Jeremy Beecham on the government’s plans, in the face of wide opposition, to narrow the scope of judicial review
The past four years have seen the Coalition government put major roadblocks in the way of access to justice. 650,000 claimants a year, and their dependants, can no longer benefit from civil legal aid or advice. And the results have been stark.
We have seen the collapse of law centres, extreme pressure on advice agencies, and expense and delays caused by litigants unable to receive legal advice in person when preparing or presenting their case. The insurance industry and employers have benefitted from changes to personal injury law and the imposition of charges for employment tribunal claims, leading to an 80% reduction in applications. Large cuts in fees for criminal legal aid threaten to reduce the chances of a fair trial.
Perhaps the most insidious changes however, are those in which Ministers seek to narrow the scope of judicial discretion, especially in cases where the lawfulness of decisions made by government itself or other public agencies is challenged through judicial review (JR). The Criminal Justice and Courts Bill, which is back in the House of Lords today, seeks deliberately to make it more difficult, and potentially more expensive, for citizens (either as individuals or represented by a charity) to seek a ruling from the Courts on whether such decisions were properly made.
While individuals already have first to obtain the leave of the Court to bring a case of this nature, various financial barriers will now have to be overcome if the government’s plans are not amended. Applicants will need to disclose “the source nature and extent of financial resources available or likely to be available” to them before pursuing a case. Interveners, very often charities, who obtain leave to provide evidence or make representations will have to make similar disclosures; and barring exceptional circumstances will not be able to recover their costs.
Costs can of course be prohibitive for an individual or charity, and to date the Court has been able to make an order capping the liability to pay the other side’s costs. The Bill removes this protection from the initial stage of seeking leave so it only applies if that is granted. But even then the new rules on ‘available’ resources will apply, with other tests that may also deter intervening.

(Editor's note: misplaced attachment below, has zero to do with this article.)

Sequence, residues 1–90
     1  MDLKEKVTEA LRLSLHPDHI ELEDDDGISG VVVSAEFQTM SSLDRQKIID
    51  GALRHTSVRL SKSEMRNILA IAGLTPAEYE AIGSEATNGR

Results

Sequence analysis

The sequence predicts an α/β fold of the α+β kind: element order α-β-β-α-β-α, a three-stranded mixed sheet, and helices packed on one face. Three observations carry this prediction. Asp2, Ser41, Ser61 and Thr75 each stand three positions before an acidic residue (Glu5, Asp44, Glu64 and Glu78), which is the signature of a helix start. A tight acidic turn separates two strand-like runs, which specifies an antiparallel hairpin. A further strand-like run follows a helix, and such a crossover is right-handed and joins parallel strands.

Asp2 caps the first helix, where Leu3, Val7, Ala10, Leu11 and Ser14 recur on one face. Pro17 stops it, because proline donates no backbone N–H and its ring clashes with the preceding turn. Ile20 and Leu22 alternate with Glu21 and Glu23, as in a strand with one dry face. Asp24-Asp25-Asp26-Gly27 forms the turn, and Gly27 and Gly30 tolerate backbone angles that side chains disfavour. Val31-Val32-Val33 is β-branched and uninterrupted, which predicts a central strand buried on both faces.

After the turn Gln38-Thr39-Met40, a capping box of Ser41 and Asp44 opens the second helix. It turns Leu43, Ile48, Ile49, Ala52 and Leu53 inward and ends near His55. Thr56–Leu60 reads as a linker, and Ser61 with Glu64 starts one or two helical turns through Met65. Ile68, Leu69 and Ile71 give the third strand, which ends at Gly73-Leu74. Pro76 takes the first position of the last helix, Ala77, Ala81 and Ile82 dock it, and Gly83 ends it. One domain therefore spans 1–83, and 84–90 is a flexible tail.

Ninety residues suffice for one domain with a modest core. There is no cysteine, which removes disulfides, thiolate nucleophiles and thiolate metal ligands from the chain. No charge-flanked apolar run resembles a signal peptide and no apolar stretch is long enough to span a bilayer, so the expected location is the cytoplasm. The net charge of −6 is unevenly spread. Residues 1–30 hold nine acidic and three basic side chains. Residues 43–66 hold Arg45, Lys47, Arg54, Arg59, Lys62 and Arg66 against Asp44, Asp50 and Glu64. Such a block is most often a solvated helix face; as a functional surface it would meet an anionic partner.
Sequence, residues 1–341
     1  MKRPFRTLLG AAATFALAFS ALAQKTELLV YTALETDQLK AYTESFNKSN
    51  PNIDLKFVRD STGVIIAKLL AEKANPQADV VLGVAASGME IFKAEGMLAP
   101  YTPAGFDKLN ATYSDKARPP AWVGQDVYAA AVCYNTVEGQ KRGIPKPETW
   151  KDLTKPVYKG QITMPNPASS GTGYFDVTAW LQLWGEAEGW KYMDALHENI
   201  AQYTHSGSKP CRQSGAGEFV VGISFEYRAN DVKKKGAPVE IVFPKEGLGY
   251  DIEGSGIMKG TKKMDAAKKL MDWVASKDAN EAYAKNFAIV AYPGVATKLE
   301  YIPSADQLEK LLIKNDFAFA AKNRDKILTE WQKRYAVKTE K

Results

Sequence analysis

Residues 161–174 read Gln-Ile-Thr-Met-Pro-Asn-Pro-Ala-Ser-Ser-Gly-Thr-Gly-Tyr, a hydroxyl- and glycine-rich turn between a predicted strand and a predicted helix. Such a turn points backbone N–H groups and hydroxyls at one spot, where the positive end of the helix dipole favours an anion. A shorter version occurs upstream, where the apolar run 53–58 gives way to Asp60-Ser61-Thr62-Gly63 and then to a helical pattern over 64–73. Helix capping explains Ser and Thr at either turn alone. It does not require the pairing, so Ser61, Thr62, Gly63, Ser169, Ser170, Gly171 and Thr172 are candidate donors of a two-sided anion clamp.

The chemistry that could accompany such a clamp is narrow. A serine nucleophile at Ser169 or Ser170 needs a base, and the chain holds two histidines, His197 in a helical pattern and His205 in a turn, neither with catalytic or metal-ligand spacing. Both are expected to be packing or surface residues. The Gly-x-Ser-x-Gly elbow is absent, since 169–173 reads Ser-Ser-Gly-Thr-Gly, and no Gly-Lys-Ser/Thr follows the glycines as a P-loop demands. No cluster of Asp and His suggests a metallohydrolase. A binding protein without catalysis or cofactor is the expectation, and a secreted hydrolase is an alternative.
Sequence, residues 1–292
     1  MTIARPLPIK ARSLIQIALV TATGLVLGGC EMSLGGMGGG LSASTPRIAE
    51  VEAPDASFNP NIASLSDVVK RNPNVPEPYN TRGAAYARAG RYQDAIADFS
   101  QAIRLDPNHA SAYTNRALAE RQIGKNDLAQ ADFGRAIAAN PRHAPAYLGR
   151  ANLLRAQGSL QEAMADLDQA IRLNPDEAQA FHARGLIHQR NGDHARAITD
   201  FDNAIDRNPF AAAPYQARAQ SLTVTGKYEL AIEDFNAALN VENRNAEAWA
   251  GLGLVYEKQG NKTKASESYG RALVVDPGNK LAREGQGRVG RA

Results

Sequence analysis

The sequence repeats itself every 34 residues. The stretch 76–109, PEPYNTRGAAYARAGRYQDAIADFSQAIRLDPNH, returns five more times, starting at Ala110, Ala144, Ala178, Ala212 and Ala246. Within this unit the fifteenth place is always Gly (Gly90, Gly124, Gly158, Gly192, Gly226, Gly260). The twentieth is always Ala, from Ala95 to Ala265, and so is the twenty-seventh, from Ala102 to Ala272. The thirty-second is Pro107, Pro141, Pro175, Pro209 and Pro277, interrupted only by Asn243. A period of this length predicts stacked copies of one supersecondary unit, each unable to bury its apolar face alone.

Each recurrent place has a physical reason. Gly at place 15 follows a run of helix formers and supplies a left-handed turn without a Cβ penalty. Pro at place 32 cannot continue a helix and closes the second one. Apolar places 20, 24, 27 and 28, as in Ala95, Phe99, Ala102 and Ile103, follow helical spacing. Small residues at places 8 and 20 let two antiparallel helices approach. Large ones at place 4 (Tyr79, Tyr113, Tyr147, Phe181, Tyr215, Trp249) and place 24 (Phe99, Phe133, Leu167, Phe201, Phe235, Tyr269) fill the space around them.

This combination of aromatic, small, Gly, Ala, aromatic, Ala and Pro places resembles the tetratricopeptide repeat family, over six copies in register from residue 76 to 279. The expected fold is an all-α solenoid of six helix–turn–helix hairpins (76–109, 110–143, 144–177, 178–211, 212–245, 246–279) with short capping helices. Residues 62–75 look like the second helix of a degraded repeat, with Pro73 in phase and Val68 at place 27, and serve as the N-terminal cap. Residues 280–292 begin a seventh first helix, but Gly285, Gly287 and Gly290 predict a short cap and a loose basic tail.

To listen to the Lord Chancellor, Chris Grayling one would imagine that the courts are overrun with applications for JR from meddlesome pressure groups with a political agenda. In fact, campaigning organisations have brought all of 50 cases in 13 years – some 3% of the total. This figure is not much higher than the proportion of government backbenchers who spoke in favour of the proposals during the Committee stage of the Bill.
Grayling’s proposals have been roundly condemned by the Constitution Committee, the Delegated Powers Committee and the Joint Committee on Human Rights. Among many other observations, the latter said of his remarks: “such politically partisan reasons for restricting access to judicial review in order to reduce the scope for it to be used by the Government’s political opponents do not qualify as a legitimate aim”. And only this morning, eleven Police and Crime Commissioners wrote to The Times warning of the “deep injustice” that it could bring.
In political terms, it will be interesting to see where LibDem peers end up on the issue. To their credit they have voiced opposition to their Coalition partners’ proclaimed intention to dismantle the Human Rights Act. Their credibility in this similar area will be tested in the lobbies tonight.
Lord Jeremy Beecham is Shadow Justice Minister in the House of Lords. He tweets @JeremyBeecham
Published 27th October 2014